Obama takes a bold step on immigration politics and policy

President Obama’s move on Friday to halt deportations of young people who were brought to the U.S. when they were children  and who have not committed any crimes could reshape both the political and policy debate around immigration and Hispanics in the United States.

Taking a step long called for by Latino groups, the Department of Homeland Security announced Friday it will not try to remove from the country people under the age of 30 who were brought to the U.S. as children and have lived here for at least five years. The provision would effectively stop any potential deportation of about 800,000 young people in the U.S whose parents did not enter the country through the traditional immigration process.

The young people would have this protected status for two years and could then renew it as long as they remain in school and don’t commit criminal acts. They could also apply for work permits.

The new policy in part enacts the Dream Act, a provision advocated by Obama and other Democrats that would create a path to citizenship for these young people. Congressional Republicans have opposed the Dream Act and broader bills to allow undocumented workers to become U.S. citizens, arguing it would reward illegal behavior.  The administration’s new policy does not create a path to citizenship, as that would require congressional approval.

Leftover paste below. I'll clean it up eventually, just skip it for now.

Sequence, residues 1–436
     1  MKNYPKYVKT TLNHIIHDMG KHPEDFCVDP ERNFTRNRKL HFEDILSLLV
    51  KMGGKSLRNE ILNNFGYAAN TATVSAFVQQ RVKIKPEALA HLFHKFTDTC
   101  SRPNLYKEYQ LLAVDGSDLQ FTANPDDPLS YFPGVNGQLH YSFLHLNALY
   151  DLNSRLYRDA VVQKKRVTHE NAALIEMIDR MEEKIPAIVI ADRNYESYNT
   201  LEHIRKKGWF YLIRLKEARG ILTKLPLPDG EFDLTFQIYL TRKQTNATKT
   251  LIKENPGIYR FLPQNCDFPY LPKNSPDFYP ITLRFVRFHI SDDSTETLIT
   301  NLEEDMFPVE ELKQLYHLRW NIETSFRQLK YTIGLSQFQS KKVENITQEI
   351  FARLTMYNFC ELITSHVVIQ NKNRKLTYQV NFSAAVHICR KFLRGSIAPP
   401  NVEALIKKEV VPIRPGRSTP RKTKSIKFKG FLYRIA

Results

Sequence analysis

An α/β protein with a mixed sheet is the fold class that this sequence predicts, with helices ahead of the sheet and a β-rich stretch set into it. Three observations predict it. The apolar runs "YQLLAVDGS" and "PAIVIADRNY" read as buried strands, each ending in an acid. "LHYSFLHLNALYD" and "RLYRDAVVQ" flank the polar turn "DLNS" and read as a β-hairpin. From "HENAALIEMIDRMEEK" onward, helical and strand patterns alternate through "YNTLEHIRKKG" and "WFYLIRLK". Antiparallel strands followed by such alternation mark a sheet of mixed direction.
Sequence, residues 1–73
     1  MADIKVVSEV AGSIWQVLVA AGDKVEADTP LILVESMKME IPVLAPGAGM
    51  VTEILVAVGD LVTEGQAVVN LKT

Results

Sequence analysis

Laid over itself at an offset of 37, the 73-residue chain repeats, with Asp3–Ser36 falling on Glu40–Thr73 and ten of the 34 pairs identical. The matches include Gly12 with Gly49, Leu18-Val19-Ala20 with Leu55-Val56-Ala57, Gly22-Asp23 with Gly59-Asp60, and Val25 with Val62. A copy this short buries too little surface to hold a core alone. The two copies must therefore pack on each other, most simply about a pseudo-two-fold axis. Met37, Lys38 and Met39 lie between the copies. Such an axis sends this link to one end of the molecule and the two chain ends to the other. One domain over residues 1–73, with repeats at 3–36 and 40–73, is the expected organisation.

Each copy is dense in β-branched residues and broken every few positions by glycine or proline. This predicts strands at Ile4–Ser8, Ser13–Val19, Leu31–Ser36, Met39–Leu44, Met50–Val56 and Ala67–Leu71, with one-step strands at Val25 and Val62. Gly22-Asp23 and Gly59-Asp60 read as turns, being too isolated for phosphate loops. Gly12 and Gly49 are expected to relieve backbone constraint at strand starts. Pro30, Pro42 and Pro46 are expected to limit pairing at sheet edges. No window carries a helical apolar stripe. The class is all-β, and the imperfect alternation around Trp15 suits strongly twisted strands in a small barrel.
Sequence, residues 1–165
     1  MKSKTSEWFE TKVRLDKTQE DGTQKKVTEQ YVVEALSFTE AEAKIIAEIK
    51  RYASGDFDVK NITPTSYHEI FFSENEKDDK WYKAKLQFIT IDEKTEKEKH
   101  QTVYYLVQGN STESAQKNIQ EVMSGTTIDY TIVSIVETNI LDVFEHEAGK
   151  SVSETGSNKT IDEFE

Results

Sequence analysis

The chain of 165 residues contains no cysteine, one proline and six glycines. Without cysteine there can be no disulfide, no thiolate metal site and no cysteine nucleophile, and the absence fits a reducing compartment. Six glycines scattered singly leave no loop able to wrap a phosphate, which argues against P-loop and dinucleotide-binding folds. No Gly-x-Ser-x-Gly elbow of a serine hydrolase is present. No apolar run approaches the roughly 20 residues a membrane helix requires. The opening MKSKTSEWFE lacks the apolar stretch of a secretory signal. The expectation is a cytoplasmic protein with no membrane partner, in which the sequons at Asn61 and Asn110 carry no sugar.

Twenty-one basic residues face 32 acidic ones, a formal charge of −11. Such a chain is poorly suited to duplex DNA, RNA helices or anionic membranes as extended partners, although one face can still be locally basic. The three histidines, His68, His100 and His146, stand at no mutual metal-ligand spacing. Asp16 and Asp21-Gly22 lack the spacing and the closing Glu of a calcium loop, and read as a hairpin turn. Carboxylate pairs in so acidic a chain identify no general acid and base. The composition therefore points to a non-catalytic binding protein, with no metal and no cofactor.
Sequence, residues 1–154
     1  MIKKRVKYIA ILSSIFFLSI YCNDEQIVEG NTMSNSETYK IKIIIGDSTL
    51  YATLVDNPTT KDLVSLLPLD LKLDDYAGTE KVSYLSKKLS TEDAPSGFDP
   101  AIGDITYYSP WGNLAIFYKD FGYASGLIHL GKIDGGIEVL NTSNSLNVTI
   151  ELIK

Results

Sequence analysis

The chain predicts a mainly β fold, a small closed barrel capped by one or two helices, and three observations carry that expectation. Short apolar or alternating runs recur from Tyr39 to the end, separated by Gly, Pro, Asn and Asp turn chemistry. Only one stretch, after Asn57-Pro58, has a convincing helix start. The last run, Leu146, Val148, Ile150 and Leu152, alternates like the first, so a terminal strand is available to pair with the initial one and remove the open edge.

But Latino activists hailed the decision by Obama, who they have long complained has deported too many illegal immigrants during his tenure and not pushed hard enough for immigration reform. In 2011, the Immigration and Customs Enforcement deported a record 396,906 people and is expected to deport about another 400,000 this year, according to the Associated Press.

“With a stroke of President Obama’s pen, our country lives up to its ideals and finds a fair and pragmatic solution, ending the nightmare of a generation,” said the pro-immigration group Define American.

The new policy could have major political implications. Polls show Obama getting about two thirds of the Latino vote, a wide margin over Mitt Romney. But more enthusiasm among Latinos voters could help put Obama over the top in states like Florida, Colorado and Nevada that have growing Latino populations.

Follow Perry Bacon Jr. on Twitter at @perrybaconjr